Black cloud over the Balkans

The status of Kosovo was supposed to be the last obstacle to solving the problems of the Balkans. Fa

Most people in the Balkans have seen the Kosovo train wreck coming for the past two years. But now that it is upon us, apart from some dark warnings, few have been able to spell out what the failure of talks on Kosovo's final status actually means.

The international significance of a debacle that reflects poorly on all participants is, by contrast, very clear: Russia and the United States have combined to humiliate the European Union. "They are clearly trying to undermine the EU - of that there is no doubt," a senior Brussels official told me recently.

For several months, both Russia and the US have in effect supported the maximalist demands of their chosen proxies in the Balkans: Serbia and Kosovo. This neutered the most recent negotiations of the US-EU-Russia troika, which were a last-ditch attempt to hammer out a compromise between Belgrade and Pristina. Serbia knew Russia would block Kosovo's independence in the United Nations, while Kosovo was secure in American support for a unilateral declaration of independence. Neither side had any incentive to compromise, and the EU was exposed again as incapable of managing a political crisis in its own backyard, while its taxpayers will be compelled to clear up the resulting mess.

Over the past decade, Brussels has channelled incalculable diplomatic and financial resources into the Balkans (far more money than either Washington or Moscow). The reasoning behind this expenditure is eminently sensible: as a consequence of the Yugoslav wars of the 1990s and the troubled transition from communism, the entire region has suffered from stunted development. This has enabled corrupt economic interests, chiefly from within the Balkans, but also from the EU and Russia, to turn the region into a playground for asset-grabbing, money laundering and other criminal activities.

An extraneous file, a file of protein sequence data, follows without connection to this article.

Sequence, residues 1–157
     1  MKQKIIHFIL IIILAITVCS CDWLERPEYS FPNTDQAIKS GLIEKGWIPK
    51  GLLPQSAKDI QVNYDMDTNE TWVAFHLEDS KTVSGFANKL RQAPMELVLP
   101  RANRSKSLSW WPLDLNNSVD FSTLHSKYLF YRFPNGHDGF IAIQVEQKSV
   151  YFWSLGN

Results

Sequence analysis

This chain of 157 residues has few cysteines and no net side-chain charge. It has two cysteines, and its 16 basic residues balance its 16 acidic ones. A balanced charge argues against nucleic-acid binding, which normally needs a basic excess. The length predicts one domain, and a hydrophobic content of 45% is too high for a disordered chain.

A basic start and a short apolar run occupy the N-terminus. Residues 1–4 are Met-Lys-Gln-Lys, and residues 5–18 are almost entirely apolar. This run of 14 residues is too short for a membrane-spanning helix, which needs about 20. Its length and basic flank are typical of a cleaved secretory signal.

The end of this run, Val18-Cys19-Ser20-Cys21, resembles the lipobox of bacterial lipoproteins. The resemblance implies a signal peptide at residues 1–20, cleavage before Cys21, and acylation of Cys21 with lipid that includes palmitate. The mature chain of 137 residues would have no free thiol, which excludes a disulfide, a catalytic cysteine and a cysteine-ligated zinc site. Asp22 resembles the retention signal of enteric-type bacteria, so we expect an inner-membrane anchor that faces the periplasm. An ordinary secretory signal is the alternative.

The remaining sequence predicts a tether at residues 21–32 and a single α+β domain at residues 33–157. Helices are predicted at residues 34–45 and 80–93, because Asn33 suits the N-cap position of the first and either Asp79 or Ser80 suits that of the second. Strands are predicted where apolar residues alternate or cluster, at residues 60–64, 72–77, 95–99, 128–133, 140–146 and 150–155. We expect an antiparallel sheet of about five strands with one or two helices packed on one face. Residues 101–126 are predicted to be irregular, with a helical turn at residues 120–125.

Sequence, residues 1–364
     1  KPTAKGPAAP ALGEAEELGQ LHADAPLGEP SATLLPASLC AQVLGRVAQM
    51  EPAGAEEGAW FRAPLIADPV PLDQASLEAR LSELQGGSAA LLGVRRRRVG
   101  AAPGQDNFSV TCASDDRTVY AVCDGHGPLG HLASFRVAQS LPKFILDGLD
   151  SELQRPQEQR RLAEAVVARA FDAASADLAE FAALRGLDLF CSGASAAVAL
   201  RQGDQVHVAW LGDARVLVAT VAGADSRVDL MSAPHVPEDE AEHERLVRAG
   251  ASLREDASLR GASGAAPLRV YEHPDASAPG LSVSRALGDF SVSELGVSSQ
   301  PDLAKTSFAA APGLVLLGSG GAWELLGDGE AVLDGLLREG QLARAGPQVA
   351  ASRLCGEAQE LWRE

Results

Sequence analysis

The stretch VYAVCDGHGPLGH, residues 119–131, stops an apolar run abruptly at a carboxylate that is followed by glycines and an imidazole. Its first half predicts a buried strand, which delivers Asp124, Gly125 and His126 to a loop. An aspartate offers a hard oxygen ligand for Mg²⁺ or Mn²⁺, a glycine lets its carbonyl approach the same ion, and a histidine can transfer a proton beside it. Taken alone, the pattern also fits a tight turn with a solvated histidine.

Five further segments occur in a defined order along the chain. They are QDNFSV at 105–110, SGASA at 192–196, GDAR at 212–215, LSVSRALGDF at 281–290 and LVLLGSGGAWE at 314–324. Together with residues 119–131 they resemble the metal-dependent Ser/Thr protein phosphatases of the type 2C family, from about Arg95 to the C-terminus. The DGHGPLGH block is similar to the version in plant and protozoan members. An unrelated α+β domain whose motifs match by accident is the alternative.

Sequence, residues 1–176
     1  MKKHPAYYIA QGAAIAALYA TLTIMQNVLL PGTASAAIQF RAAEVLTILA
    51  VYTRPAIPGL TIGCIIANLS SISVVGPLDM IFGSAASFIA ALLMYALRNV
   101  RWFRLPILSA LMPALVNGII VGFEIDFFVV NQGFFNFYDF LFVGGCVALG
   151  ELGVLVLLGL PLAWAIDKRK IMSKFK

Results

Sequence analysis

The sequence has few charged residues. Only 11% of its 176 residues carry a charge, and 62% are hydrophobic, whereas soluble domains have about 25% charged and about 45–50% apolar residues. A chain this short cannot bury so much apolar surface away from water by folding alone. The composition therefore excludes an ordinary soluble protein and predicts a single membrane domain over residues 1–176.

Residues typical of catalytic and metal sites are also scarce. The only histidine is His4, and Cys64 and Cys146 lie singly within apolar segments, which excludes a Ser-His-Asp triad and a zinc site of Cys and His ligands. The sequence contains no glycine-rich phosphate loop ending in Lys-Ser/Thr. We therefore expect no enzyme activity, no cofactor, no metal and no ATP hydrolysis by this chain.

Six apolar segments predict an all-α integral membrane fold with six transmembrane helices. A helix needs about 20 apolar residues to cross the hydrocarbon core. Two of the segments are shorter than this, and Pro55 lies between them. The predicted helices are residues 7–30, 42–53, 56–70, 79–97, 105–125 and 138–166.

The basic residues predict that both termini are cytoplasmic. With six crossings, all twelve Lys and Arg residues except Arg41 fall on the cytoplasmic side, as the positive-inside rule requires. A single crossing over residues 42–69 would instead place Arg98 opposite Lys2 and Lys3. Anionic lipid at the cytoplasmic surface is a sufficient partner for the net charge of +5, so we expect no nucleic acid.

By offering the inducement of huge infrastructural and financial support, the EU has persuaded the new leaderships in the Balkans to embark on far-reaching economic and political reforms. The EU's commitment has already had a stunning transformational impact on its two Balkan members, Romania and Bulgaria, not to mention Slovenia, the former Yugoslav republic that is now almost indistinguishable in character from Austria.

But the Kosovo crisis is casting a big black cloud over the hope that the remaining former Yugoslav territories would follow Slovenia's smooth passage into the EU. Croatia is likely to slip in before the door shuts. But the constitutional mess of Kosovo and Serbia may well keep that door closed, probably temporarily but perhaps for many years, as the crisis reverberates in Bosnia and Macedonia, and less directly in Montenegro and Albania.

So what happens now? In the long term, the question keeping EU officials awake at night concerns Serbia's membership of the EU. The enlargement commission and several key European foreign ministries have believed for some time that Serbia's admission is crucial for long-term stabilisation of the region, given its situation at the geographical heart of the Balkans.

Nonetheless, the major EU member states feel they have no choice but to follow Washington in recognising the UDI that Pristina is preparing. But most of them are doing so reluctantly - they know that, privately, UN officials in Kosovo predict that some 50,000 Serbs living south of the Ibar River will head to northern Mitrovica, the Serb enclave in Kosovo bordering on Serbia that is in effect governed from Belgrade; and that the recognition of an indep endent Kosovo will also result in the territory's de facto partition.